It has been a consistent part of Merkel’s method to take the wind out of the political opposition’s sails, rather than to raise a storm in which its ships will sink. She narrows the differences among the parties instead of making them wider and deeper. Germany has in the past few years been pushing through a big reform of social security which prunes universal benefits, requires claimants to look for jobs and in general cuts the cost of the whole system. This was actually proposed by the Social Democrats when they were last in office but, without hesitation, the Christian Democrats took it over.
Defence was another area where, with the end of the Cold War, economies became not just possible but imperative. The Germans possess no nuclear deterrent so, unlike the British, are not faced with the vast cost of renewing it. But they did have national service for all young men. Merkel abolished it on the argument that standing armies eyeball-to-eyeball along a lengthy land frontier in central Europe is no longer necessary. Germany has, for the first time since the Second World War, deployed its army along with its allies in other parts of the world, such as Afghanistan. Overall, however, defence has been cut. Not many right-wing governments do this.
Most extraordinary of all has been the chancellor’s appropriation of the Green agenda. German Greens are much more powerful than British Greens, sit in force in the Bundestag and could yet force Merkel out of office if, after next year’s election, they are able to form a coalition with the Social Democrats. But she will then be offering hardly less of a Green manifesto than they will. She is, after all, the one who has decided Germany will cease to produce nuclear power once the existing generators have reached the end of their useful lives. The gap will be filled by the wind and the waves. No other leading economy has been so bold.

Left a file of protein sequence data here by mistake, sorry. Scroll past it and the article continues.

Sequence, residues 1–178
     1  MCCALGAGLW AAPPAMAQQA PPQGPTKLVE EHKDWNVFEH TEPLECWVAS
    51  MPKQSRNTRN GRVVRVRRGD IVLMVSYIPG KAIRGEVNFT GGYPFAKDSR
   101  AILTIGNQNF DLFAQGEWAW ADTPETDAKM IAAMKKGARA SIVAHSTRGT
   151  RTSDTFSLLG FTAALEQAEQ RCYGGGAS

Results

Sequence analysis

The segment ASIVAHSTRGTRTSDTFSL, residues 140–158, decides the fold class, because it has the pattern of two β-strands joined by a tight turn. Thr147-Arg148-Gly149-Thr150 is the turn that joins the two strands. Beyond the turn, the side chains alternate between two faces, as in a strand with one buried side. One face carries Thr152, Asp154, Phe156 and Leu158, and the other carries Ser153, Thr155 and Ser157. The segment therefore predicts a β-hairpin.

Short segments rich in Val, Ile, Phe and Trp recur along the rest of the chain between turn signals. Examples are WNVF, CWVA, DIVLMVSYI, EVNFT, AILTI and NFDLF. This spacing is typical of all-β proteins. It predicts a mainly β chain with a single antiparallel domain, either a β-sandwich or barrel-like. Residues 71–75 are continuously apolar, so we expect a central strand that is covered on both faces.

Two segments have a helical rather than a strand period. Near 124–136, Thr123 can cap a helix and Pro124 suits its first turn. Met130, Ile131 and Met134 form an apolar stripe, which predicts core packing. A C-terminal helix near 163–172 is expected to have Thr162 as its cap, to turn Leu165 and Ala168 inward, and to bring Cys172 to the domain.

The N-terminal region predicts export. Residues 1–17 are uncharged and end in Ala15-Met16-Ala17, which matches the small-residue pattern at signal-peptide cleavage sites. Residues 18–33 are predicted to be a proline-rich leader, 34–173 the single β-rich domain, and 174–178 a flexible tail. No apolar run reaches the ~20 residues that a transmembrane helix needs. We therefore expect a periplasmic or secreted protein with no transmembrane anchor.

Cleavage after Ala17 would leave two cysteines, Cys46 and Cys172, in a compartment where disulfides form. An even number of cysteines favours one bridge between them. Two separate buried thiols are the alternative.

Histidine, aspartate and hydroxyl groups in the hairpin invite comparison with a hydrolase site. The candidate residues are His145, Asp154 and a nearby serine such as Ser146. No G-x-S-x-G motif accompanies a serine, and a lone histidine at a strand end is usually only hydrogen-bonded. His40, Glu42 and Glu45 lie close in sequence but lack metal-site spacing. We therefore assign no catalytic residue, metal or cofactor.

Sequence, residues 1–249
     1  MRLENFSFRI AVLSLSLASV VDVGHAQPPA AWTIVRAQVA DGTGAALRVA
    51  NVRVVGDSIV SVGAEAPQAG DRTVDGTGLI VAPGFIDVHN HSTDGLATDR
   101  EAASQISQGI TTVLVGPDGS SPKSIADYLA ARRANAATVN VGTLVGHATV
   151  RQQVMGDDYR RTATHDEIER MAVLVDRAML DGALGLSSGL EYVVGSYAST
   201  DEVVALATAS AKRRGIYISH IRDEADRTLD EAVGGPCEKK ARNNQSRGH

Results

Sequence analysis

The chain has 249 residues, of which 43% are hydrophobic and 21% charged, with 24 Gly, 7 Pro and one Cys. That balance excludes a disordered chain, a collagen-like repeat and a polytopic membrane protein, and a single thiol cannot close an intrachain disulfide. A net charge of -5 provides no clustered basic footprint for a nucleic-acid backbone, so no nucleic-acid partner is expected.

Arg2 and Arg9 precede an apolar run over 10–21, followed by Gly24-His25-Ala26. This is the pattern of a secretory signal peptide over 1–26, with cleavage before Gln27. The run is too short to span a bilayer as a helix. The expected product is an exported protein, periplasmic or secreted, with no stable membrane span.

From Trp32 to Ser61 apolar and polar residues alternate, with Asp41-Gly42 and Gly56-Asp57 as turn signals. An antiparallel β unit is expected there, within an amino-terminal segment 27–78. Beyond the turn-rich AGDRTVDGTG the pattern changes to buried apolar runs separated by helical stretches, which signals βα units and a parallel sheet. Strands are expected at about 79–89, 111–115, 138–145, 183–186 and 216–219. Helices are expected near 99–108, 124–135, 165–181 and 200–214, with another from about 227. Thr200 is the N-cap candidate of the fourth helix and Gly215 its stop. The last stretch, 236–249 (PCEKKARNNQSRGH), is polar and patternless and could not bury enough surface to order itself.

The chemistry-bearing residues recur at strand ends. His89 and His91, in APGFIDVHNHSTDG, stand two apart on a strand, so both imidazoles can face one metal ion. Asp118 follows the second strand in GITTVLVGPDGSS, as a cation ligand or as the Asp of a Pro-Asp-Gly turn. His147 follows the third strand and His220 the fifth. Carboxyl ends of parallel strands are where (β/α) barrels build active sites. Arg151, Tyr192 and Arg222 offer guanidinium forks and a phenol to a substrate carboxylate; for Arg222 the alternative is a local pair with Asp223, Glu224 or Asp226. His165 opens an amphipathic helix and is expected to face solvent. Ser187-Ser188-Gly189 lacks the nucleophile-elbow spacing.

All these are examples of Merkel’s suppleness and adaptability, her lack of strong ideological commitments and her corresponding willingness to take up good ideas wherever she can find them (they are also of a piece with her indecisiveness). It seems to me these traits must go back a long way. After all, she grew up under communism as the daughter of a Lutheran pastor, and life for such children was usually not easy: they might be banned, for example, from higher education.
Yet she charmed her way through, got into the best university, Leipzig, and even won a national prize for her mastery of Russian, so that today she chats up Putin and Medvedev in their own language, just as she chats up Obama and Cameron in theirs. It was no less remarkable how – after the reunification of Germany – she, a novice from the East, wormed her way into then up the ranks of the Christian Democratic Union, a party run by male chauvinist provincial bosses. Chancellor Helmut Kohl used to dismiss her as das Mädchen – the Girl – but he could not stop her succeeding him.
Yet, despite this suppleness and adaptability, Merkel seldom appears to be all over the place in the way that Hollande and Cameron, or even Obama, let alone the hapless leaders of Spain and Greece, appear to be. Somehow she brings together the disparate elements in her political make-up to form a satisfactory whole, at least so far as to convince voters when they compare her with the alternatives.
Her ultimate success will depend, of course, on her skill in selecting those disparate elements, since by the nature of the case her choice is wide. Probably history will judge her by the fate of the euro, and that is in the lap of the gods. But until it is decided, one way or another, she can reasonably be counted as the most successful politician in the world.